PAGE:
Serving Southern Jefferson County in the Great State of Montana

Midwives Bring More Healthcare Options to the Women of Southwest Montana

Babies are born every day. In fact, 249 were born in Butte at St. James Healthcare just last year. Over 200 births and over 200 different birth stories. Even twins have slight variances in their entrances.

Every mother has a birth story to share, but before they ever begin the labor process, a lot of thought, planning, and preparations go into that very moment. Different women want different things and sometimes her baby, her body, and her circumstances can impact the way her birth story takes shape.

Having options is important, and now, the women of Southwest Montana have two more.

Many parents will start in a birth class. Jenevieve Bayless, MSN, CNM once taught those classes as a registered nurse in the St. James Family Birth Center. Her grandmother was an obstetrics (OB) nurse for 25 years, so Bayless grew up hearing about the influence the healthcare team can have on women. She worked as an OB nurse for eight years and felt a calling to take her practice even further.

“I taught childbirth classes and realized that I had a lot to teach and that I was so passionate about this,” said Bayless. She went back to school for two years while continuing to work full time. She got her master’s and become a Certified Nurse-Midwife (CNM).

Now she won’t just be at the bedside of a mother in labor, she’ll be able to provide her healthcare throughout her life – from puberty to menopause.

Passion for women’s health drove Butte native Megan Bristol, MSN, CNM, as well. She’d been working at St. James Healthcare for ten years, eight of which were in the St. James Family Birth Center before she became a CNM.

“Right out of nursing school, I’ve always known that I wanted to go back and get my master’s. I originally had thought it would be as a nurse practitioner, maybe with a focus on women’s health, but when I worked in labor and delivery for a few years, I knew that working as a nurse practitioner – I would really miss the labor and delivery aspect,” said Bristol.

Bristol and Bayless describe midwifery as a practice that specializes in women’s health while providing patient-centered care. When delivering babies, they spend more time at the woman’s bedside and offer a lot of support. Not all of their patients are unmedicated but many choose to be.

Bristol and Bayless will start taking patients this month. The two midwives will join the SCL Health Medical Group - Butte OB-Gyn clinic, alongside Laura Twist, MD, Jacob Christian, DO, and Mark Garnaas, MD, as part of the options available to expectant mothers.

Jenna and Megan will help to deliver their patients’ babies at St. James Healthcare and will have access to the OB-Gyns and MFMs — or a maternal-fetal medicine specialist — should any complications or concerns arise.

The National Center for Health Statistics (NCHS) annual birth report shows births attended by CNMs are experiencing upward trends.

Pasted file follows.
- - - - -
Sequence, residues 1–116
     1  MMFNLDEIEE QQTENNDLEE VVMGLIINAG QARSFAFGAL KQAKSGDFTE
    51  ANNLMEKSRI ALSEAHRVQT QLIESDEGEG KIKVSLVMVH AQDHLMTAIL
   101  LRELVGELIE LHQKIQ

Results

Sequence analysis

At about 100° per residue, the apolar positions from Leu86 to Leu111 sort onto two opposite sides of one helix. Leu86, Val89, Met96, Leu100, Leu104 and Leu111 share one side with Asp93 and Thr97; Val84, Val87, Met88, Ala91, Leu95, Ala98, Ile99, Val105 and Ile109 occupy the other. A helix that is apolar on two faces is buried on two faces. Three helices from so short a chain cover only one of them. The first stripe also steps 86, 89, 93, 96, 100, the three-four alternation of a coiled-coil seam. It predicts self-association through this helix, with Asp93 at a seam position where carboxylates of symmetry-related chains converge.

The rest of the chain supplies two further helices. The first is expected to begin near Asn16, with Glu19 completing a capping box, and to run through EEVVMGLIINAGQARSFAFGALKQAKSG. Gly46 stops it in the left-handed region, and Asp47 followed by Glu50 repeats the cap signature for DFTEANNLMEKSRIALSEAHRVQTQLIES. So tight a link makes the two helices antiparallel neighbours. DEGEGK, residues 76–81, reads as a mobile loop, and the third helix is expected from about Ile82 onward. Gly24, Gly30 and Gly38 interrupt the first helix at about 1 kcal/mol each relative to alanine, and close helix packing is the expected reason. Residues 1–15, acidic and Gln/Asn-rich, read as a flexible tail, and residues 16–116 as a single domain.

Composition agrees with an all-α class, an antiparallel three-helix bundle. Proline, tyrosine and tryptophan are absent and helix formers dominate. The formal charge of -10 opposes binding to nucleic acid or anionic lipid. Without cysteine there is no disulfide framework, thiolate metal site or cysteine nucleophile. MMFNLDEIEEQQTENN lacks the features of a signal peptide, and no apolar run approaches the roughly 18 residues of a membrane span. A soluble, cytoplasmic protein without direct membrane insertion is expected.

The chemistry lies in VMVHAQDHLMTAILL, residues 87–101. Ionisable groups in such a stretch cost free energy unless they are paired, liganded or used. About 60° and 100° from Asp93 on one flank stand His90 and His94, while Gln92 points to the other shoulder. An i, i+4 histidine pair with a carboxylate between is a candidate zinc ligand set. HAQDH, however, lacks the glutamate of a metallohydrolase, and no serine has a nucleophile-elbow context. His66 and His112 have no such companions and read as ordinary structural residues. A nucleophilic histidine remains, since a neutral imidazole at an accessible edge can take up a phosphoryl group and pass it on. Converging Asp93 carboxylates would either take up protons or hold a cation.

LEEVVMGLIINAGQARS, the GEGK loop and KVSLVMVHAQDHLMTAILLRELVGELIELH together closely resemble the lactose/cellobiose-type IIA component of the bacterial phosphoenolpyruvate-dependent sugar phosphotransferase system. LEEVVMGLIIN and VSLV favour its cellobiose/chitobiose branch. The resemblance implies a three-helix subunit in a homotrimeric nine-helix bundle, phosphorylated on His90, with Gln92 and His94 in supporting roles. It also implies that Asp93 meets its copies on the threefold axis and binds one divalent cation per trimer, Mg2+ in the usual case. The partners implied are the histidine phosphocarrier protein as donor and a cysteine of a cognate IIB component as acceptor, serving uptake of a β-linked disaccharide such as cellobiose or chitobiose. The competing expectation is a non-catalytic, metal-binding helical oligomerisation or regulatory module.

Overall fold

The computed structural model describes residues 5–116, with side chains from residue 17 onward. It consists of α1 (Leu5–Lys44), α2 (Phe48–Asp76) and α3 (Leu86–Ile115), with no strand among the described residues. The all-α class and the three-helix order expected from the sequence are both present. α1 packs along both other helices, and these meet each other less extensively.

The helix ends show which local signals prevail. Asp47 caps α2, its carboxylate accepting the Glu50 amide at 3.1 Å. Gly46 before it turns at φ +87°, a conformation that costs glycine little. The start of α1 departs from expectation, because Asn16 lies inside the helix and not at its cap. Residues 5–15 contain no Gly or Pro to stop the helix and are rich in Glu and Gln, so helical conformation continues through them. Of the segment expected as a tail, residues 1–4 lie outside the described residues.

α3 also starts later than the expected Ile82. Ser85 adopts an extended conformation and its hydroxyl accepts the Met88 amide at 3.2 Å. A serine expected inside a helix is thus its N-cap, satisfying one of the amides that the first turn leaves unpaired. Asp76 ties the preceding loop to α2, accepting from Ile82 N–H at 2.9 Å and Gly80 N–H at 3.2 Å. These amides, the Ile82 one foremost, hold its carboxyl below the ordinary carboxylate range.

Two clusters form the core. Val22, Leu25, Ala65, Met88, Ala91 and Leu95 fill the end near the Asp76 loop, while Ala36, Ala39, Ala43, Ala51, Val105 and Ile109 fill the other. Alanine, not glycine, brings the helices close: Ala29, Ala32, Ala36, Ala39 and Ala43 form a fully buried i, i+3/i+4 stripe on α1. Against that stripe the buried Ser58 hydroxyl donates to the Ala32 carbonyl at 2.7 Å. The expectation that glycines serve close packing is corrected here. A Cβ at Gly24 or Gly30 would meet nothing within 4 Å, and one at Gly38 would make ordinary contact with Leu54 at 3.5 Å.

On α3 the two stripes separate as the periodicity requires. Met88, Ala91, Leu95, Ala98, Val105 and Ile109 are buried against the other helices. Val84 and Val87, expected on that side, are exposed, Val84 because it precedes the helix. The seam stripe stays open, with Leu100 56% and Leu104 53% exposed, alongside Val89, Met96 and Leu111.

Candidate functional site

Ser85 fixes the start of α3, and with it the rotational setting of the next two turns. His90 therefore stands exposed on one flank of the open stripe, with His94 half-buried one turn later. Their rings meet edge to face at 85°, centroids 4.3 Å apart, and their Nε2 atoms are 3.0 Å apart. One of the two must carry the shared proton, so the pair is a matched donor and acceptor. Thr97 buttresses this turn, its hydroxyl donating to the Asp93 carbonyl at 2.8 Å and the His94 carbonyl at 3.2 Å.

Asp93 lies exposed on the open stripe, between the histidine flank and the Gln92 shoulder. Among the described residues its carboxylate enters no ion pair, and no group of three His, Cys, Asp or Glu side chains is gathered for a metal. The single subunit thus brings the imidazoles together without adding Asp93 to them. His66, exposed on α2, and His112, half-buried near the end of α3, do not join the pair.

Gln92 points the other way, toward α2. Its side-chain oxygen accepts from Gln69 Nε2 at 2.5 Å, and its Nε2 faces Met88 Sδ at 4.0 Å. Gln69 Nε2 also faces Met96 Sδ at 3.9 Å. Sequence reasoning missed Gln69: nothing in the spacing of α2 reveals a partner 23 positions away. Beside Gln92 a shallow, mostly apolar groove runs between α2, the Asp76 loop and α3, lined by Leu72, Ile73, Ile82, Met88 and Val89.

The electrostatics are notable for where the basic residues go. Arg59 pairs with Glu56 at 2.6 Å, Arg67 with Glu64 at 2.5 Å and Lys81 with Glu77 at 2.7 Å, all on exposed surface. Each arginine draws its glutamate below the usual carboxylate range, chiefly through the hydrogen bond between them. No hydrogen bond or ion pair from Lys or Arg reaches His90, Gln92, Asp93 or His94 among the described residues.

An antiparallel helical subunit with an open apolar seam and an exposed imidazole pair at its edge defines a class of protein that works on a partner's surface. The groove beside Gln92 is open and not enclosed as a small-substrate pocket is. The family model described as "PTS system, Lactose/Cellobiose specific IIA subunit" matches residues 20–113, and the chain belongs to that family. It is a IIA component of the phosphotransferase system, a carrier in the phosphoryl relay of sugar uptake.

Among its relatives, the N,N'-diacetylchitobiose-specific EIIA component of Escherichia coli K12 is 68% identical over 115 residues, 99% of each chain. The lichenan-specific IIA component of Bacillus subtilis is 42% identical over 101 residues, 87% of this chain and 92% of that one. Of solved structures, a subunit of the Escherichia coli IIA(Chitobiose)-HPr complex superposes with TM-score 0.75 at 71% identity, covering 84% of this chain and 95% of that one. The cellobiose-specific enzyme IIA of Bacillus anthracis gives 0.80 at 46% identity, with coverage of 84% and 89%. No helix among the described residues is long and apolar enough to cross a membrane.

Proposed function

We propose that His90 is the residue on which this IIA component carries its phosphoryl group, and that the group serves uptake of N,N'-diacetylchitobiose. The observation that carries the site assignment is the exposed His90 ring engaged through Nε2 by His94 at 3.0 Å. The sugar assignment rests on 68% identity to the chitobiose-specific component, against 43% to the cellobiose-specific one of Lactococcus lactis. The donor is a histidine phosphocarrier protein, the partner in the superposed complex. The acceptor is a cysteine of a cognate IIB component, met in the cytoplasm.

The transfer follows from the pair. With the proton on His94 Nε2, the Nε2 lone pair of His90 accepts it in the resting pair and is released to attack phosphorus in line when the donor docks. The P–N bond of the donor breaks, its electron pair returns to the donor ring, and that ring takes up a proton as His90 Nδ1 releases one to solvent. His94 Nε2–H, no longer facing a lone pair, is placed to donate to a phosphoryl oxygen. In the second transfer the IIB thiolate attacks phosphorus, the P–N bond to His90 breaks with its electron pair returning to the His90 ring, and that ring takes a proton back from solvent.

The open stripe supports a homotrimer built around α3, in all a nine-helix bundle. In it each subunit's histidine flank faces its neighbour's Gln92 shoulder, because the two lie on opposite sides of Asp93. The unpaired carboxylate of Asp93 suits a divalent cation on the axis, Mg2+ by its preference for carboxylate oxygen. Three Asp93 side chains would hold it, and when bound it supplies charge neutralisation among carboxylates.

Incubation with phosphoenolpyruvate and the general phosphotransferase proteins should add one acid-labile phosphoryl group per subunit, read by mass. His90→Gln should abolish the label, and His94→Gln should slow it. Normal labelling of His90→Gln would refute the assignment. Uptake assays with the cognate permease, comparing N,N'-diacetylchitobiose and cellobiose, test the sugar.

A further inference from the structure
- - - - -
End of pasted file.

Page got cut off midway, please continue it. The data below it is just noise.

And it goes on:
The two midwives aren’t only available to expectant mothers — they’re available as primary care providers, as well.

“We can do all kinds of screenings and annual exams and then if we need to refer or consult, we can do that,” said Bristol.

“Not only are we able to help with labor and delivery and help them with a time that they might not have ever gone through, but also there’s a postpartum period that a lot of people forget about — hormones are still changing, you have a new baby. What’s great with us is you can still contact us. You can talk to us. We’ll see you at least two more times if not more and then will follow up with you every year. I think it’s nice to have more people in your pocket,” said Bayless.

The two midwives are also looking forward to their outreach to women in rural southwest Montana, as well.

“Living in Montana, obviously we have a lot of rural areas, and women are going to have questions out there, they’re going to be pregnant out there,” said Bayless. “I’m very excited to help women feel more involved in their healthcare and see them in the towns where they’re at.”

Telehealth will also be available to women who can’t make it to their appointments.

From teenagers to women going through menopause, Bristol and Bayless are excited to get started.

“I’m really looking forward to being able to build relationships with my patients and being able to maybe meet a young girl as a teenager and then being able to provide her care when she becomes pregnant and then providing postpartum care and just follow her for the years beyond,” said Bristol.

“I’m looking forward to not only being able to be there when they’re in labor and helping through that time but also getting to know them throughout their whole lives, being able to follow their families and their lives, and just entwining my life with theirs,” said Bayless.

For more information please visit sjh-mt.org/baby or call 406-496-3627.

 

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